I was not present at Hillsborough – Sheffield Wednesday’s ground – in 1989 for Liverpool’s FA Cup semi-final against Nottingham Forest. As a season ticket holder with Liverpool I knew I was eligible for a ticket for the cup final if we made it through the semi but, due to an inexcusable mix up over dates, I was aware that I would be on the Algarve for a family holiday on the day of the final. I was reluctant to find myself at the Hillsborough game, supporting my team to victory, but subdued by the prospect of not being able to make the “big one” at Wembley.
I had however been present at the Heysel stadium in Brussels four years earlier when nearly 40 people died before a European Cup Final between Liverpool and Italian team, Juventus. So I am no stranger to the tragedy and grief that has on occasion accompanied “the beautiful game”.
The bare facts pertaining to 15 April 1989 are well enough known. 96 Liverpool fans eventually died from the effects of overcrowding at the Leppings Lane end of the ground, leading inter alia to the elimination of standing terraces at all major football stadia in England, Wales and Scotland.
Some of you may still associate what happened with fan misbehaviour, perhaps involving alcohol. Smear stories have a habit of staying in the subconscious far longer than truth. And smear stories were rife on that day and subsequently.
It has taken 25 years for some approximation of the truth to emerge but, little by little, it seems to be coming out. It has now been established to the satisfaction of all agencies concerned that no evidence of fan misbehaviour has been identified, and that the disaster arose from mistakes by the police, health and safety authorities and emergency services. A 1991 inquest verdict on the 96 of “accidental death”, suggesting something unfortunate, perhaps unavoidable, rather than the result of culpable human error, was eventually quashed in December 2012. A new inquest is due to open on Monday 31 March in a business park on the outskirts of Warrington.
While many will be prepared to exonerate the officials present on the day, making genuine – if fatal – errors when under great pressure, there surely can be no excuse for what happened afterwards as South Yorkshire Police, with assistance from others, set about what became one of the most extensive cover-ups in British history. Statements both by serving police officers (in their hundreds) and members of the public were subsequently doctored, all with the intention of shifting blame from those responsible to the victims and survivors.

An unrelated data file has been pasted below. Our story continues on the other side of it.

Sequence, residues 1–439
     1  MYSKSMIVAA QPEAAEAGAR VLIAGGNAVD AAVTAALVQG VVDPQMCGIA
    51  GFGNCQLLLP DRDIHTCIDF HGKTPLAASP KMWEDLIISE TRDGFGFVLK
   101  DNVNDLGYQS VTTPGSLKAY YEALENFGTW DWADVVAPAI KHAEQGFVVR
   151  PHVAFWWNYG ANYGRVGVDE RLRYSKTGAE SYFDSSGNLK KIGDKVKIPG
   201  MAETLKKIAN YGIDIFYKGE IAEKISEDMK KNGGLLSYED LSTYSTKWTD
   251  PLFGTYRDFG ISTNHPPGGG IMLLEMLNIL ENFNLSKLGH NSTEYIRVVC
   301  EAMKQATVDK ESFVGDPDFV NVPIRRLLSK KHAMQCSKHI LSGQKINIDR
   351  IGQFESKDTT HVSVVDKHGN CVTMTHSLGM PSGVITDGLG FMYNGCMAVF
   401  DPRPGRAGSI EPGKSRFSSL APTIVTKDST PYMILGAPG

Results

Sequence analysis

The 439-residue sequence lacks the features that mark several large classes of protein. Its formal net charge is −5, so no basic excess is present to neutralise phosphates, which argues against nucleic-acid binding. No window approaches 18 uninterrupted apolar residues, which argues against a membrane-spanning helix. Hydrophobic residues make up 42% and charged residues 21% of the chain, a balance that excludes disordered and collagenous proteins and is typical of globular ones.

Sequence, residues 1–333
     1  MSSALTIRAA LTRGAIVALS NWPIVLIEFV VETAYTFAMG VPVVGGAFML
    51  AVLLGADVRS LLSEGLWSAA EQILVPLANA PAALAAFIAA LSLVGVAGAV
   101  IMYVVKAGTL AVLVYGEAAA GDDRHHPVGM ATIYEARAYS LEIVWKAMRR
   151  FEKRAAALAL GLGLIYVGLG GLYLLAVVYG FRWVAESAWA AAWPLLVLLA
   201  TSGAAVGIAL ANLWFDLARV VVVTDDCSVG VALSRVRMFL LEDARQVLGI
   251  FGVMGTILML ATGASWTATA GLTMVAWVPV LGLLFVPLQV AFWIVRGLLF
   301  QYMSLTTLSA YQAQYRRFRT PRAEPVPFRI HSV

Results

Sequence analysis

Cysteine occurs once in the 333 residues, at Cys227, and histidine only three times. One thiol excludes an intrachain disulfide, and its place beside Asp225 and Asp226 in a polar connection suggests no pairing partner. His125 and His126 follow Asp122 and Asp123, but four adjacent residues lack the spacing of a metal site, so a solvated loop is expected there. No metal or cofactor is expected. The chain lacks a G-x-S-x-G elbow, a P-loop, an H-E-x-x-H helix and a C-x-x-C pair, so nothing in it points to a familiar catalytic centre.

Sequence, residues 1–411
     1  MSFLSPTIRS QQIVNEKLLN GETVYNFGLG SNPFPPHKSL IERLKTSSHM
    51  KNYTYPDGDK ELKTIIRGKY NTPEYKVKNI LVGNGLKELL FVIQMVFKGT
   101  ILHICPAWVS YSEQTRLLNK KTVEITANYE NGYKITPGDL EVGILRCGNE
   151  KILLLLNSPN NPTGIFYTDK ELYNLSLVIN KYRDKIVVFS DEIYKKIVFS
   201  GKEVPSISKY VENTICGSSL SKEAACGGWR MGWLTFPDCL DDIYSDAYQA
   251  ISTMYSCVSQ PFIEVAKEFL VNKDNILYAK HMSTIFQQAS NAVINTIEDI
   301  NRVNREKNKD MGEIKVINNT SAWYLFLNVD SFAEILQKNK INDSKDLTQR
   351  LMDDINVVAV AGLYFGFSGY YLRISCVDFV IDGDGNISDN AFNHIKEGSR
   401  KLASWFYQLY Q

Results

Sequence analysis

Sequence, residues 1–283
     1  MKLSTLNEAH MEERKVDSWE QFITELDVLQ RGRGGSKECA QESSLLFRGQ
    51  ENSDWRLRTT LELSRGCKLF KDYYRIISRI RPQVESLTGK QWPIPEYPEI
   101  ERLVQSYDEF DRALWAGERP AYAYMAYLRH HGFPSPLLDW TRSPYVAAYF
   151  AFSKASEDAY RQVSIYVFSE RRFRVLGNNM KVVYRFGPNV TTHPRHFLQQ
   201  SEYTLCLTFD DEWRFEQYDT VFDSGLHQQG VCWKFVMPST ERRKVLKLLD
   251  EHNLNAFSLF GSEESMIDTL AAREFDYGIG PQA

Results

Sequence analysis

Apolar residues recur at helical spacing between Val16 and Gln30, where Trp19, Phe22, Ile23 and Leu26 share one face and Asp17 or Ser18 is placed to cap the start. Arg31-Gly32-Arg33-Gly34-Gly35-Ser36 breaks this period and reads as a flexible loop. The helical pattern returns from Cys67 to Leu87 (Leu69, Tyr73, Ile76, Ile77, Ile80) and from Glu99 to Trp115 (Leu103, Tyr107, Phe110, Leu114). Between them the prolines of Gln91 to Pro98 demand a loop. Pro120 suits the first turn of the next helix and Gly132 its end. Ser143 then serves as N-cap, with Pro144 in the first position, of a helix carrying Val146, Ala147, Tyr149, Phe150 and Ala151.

Revisiting that time, when perhaps the police force was viewed by some as a bastion against the “enemy within” following the miners’ strike and other civil strife, one can see how that pattern of behaviour may have come naturally to some. Viewed from the distant perspective of the 21 century, it is clearly grotesque.
Thirteen retired or serving police officers have so far been identified by the Independent Police Complaints Commission as “suspects” in the continuing investigation into the police cover-up. Most of these have already been interviewed under caution relating to a range of offences including manslaughter, misconduct in a public office, and perverting the course of justice. There is now an ongoing criminal inquiry into these events.
The football club has continued to share the grief of the bereaved and to support the call for “justice”. This year’s memorial service at the club’s ground in Anfield Road on 15 April will mark the 25th anniversary of the tragedy.
I have heard it suggested that the club, its supporters and the city as a whole (the “other” club, Everton, has been nothing but generous and sincere in its support) really should “move on” and put the whole thing behind them. Seeing where we are now, after 25 years of grief, condemnation, ignorance and campaigning – the uncovering of a national scandal that beggars belief – we should all be grateful that they didn’t throw in the towel. Perhaps the day is not too distant when the Hillsborough families will be able to reach an accommodation with the day when 96 men, women and children went to enjoy themselves at a football game and didn’t come home.
I didn’t promise that all these blogs would be entertaining. Some things just don’t lend themselves to humour.
For those who would like to see a potted history, there’s always Wikipedia: